Luke DeCock

After opening blowouts, hard to tell how good Duke is, or isn’t

David Cutcliffe assesses Duke after beating NC A&T

Duke football coach David Cutcliffe discusses his team's shortcomings and strong points after the Blue Devils beat the NC A&T Aggies 45-13 on September 7, 2019, at Wallace Wade Stadium in Durham, NC.
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Duke football coach David Cutcliffe discusses his team's shortcomings and strong points after the Blue Devils beat the NC A&T Aggies 45-13 on September 7, 2019, at Wallace Wade Stadium in Durham, NC.

Two games into the season, your guess is as good as David Cutcliffe’s just how good Duke is, or isn’t. Both of the Blue Devils’ games have been blowouts, one way or another, and even if they weren’t, Duke was missing 11 scholarship players at the start of last week’s win over North Carolina A&T, a number that quickly grew to 13.

There aren’t many conclusions to be drawn from a 42-3 loss to Alabama, other than that the Blue Devils aren’t CFP material, which came as a shock to no one. Likewise the 45-13 win over the Aggies, a game where Duke more or less did what it wanted once it took control.

Cutcliffe thought, with a bunch of starters returning on defense and a new quarterback who was nevertheless an old and familiar face, he would have a better handle on things by this point. Between the injuries and the scorelines, this season has not given him that chance.

“I think we have the right people,” Cutcliffe said. “We’ve got a lot of people that have played and been in a lot of different environments and won games, so I don’t have a lot of question marks all over the place. I think the biggest thing we don’t know is as we try to grow back toward somewhat of full strength, how good can this team be?”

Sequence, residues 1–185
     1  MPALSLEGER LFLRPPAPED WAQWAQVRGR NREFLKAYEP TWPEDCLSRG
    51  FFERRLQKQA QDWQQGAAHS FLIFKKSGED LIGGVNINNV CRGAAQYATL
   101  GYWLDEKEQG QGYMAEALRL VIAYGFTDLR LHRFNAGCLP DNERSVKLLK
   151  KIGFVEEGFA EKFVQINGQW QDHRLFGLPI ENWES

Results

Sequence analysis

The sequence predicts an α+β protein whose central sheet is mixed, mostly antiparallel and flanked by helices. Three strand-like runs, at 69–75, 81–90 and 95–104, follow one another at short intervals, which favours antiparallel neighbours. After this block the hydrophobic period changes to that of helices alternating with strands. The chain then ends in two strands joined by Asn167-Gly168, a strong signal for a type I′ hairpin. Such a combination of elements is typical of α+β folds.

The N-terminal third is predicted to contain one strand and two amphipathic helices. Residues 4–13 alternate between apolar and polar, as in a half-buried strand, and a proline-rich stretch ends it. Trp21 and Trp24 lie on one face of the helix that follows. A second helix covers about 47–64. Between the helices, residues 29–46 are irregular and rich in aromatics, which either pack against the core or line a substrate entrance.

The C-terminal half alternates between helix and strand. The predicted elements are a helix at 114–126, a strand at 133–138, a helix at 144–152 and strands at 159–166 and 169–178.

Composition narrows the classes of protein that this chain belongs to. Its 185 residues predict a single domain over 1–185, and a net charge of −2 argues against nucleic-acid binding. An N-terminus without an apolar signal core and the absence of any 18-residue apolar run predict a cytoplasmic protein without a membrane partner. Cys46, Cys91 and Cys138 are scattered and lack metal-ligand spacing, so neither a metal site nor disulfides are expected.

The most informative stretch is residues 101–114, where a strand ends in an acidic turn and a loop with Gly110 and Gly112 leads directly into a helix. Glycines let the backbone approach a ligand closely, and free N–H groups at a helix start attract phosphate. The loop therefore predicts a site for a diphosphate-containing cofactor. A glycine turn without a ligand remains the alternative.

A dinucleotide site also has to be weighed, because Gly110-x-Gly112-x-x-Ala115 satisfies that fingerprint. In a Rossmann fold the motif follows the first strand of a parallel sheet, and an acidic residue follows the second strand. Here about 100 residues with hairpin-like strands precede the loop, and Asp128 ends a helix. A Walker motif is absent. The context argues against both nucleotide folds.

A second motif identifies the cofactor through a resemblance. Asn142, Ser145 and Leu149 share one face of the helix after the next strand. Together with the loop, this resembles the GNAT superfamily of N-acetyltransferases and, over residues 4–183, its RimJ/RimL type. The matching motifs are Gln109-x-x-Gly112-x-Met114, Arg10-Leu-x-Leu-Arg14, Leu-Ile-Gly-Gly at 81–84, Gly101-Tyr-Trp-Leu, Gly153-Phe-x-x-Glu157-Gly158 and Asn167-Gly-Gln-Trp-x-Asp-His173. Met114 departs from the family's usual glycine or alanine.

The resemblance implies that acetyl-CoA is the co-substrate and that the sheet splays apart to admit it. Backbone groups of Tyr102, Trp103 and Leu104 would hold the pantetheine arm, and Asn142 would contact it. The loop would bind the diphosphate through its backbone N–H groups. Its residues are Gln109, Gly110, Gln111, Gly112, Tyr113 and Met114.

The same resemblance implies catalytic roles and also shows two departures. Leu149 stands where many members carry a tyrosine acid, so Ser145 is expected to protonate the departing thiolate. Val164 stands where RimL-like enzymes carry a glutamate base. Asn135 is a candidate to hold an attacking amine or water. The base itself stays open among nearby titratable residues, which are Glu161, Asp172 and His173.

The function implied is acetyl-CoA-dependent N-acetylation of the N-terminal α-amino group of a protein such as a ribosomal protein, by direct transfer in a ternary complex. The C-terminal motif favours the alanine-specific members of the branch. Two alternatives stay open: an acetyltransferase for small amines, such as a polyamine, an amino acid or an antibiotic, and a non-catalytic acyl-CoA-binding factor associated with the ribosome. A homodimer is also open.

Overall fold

Saturday’s game at Middle Tennessee State might offer a little more of a window — even against a Conference USA opponent, Duke can’t screw around on the road and expect to win — but it’s not nearly the litmus test Duke’s trip to Virginia Tech on Sept. 27 will present, a Friday night game in Blacksburg after an open week for both teams.

That kicks off a three-game ACC stretch of eminently winnable games, starting with the vulnerable-looking Hokies and followed by home games against Pittsburgh and Georgia Tech. If what happens at Virginia Tech will scribble Duke’s true prognosis in pencil, those games will etch it in ink.

At the moment, who can tell?

“I don’t know if we’re going to know what exactly this team is,” Cutcliffe said. “We’ve got a lot of good ingredients, many of the best young players we’ve had here. We’re going to keep churning.”

Duke’s best teams in recent years, the ones that made bowl games but not history for doing it, have typically handled their early season schedules well, taking care of business against nonconference opponents and the occasional early ACC foe, winning on the road. That’s been a pretty good indicator of things to come. The one recent team that struggled off the hop — losing to Wake Forest and Northwestern to open 1-2 in 2016, although by October it ended up going 3-1 in nonconference — was the only Duke team to miss a bowl in the past seven seasons.

Even if the Alabama loss comes with a big asterisk, these next two games on the road will have a lot more to say about where the Blue Devils are headed. Historically, you’d expect a bowl-bound Duke team to win one and maybe both.

“I think we’ll know more about our team after another month of being tested,” Cutcliffe said.

At the moment, it’s still too hard to tell.

Sports columnist Luke DeCock has covered the Summer Olympics, the Final Four, the Super Bowl and the Carolina Hurricanes’ Stanley Cup. He joined The News & Observer in 2000 to cover the Hurricanes and the NHL before becoming a columnist in 2008. A native of Evanston, Ill., he graduated from the University of Pennsylvania and has won multiple national and state awards for his columns and feature writing while twice being named North Carolina Sportswriter of the Year.
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